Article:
Report says millionaires tax would raise $1.3 billion
Tufts center estimates 500 wealthy families would leave Massachusetts
A new report released by an independent think tank found that passing the so-called “millionaires tax” would raise an estimated $1.3 billion annually beginning in 2023.
The number is lower than some previous estimates and assumes that around 500 high-income families would move out of state.
The report, written by Evan Horowitz of the Center for State Policy Analysis at Tufts University, said the new revenue would be raised in “a highly progressive way likely to advance racial and economic equity.”
It provides an independent look at a debate that has already produced volumes of competing research from players on both sides of the argument. It comes as advocates and lawmakers are expected to take the final steps necessary to put the question on the November 2022 ballot.
Proponents of the tax say Massachusetts needs more money to pay for crumbling roads and bridges and to invest in childcare and public education. They see the tax as a way to get wealthier taxpayers to pay their “fair share” in a state with a flat income tax rate.
The liberal-leaning Massachusetts Budget and Policy Center, which supports the tax, has said a top 9 percent tax rate would put Massachusetts in line with some other states. The conservative-leaning Pioneer Institute, which opposes the tax, warns that it would harm small business owners.
The Department of Revenue estimated that the tax would raise around $1.9 billion in 2019 – but that estimate, which was already being used during debate in 2017, is now years out of date. The conservative-leaning Beacon Hill Institute, in a 2021 study, pegged the amount that would be raised at $1.2 billion.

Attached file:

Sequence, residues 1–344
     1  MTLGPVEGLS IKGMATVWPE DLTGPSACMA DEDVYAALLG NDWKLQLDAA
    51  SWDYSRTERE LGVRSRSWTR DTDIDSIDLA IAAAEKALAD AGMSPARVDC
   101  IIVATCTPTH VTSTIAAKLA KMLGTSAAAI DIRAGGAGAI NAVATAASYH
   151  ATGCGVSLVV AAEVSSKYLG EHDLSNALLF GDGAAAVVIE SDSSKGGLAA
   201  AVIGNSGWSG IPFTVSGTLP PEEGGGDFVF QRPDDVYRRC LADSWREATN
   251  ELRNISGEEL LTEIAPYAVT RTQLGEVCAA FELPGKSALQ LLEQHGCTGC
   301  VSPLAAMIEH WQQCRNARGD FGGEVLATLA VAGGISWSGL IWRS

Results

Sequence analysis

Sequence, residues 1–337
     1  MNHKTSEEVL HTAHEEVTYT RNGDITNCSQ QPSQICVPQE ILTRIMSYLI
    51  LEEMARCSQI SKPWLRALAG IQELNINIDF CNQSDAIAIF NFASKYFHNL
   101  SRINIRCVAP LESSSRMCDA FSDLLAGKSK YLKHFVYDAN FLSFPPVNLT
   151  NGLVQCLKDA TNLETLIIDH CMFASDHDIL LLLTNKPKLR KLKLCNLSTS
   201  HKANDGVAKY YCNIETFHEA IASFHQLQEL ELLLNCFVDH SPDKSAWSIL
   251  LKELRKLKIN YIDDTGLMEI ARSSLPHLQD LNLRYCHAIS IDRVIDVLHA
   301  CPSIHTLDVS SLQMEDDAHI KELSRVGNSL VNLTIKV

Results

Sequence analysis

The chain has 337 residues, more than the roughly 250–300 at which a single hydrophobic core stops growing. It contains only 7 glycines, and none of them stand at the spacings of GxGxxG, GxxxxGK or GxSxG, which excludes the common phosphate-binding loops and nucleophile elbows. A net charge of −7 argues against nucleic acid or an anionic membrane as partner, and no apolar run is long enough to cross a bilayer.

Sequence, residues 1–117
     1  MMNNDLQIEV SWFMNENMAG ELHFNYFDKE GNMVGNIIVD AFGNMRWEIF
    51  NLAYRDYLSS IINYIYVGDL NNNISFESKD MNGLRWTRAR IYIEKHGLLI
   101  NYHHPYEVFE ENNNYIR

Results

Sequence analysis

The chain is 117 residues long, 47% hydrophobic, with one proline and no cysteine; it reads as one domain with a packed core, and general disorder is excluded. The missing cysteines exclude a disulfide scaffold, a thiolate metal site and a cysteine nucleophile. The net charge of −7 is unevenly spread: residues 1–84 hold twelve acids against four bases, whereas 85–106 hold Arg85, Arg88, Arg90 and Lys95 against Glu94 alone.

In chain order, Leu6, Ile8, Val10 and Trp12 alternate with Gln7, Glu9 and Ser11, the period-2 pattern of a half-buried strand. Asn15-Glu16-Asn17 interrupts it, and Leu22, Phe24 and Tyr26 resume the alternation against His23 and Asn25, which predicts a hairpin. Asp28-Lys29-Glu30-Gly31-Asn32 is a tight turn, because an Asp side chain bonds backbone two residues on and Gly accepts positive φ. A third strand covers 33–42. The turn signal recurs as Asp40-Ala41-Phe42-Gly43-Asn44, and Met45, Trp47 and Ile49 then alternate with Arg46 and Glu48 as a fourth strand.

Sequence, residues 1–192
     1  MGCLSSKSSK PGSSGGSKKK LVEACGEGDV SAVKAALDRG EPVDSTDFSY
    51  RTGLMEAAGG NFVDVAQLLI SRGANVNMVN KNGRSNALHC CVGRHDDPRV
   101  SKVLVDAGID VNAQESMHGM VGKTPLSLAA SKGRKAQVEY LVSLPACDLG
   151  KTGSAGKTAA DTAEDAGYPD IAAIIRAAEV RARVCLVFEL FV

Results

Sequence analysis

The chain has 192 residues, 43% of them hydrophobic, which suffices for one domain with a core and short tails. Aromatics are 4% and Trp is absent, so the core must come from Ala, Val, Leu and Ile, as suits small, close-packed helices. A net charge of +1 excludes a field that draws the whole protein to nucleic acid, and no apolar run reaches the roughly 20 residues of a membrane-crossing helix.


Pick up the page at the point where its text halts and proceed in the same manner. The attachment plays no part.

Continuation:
Horowitz’s new report finds that the surtax would apply to 0.6 percent of Massachusetts households annually, around 21,000 households. Very few of these households would be hit by the tax every year since many families that exceed incomes of $1 million do so only once, for reasons like selling a business or a long-term investment.
He writes that the surtax could raise $2.1 billion if it does not affect high earners’ behavior. But because a small number of millionaires would likely move (he suggests around 500 families) and far more would use legal tax avoidance schemes to get around paying the tax (things like shifting economic activity out of state), that would cut the revenue by 35 percent, to around $1.3 billion.Horowitz discounts research suggesting that the tax would blunt economic activity in Massachusetts, arguing that the change is small enough that it is unlikely to drive large shifts in behavior, particularly since it would have only a limited impact on businesses. He is also skeptical of claims that the money would create a sea change in state spending on education and transportation, noting that because money is fungible and subject to legislative appropriation, the new revenue could simply displace money that is already being spent in these areas.
He did suggest that the change would have a positive impact on racial equity, since nearly 90 percent of $1 million earners in Massachusetts are white, while state services that benefit from the money would likely help lower income individuals and people of color, because of the progressive nature of state spending.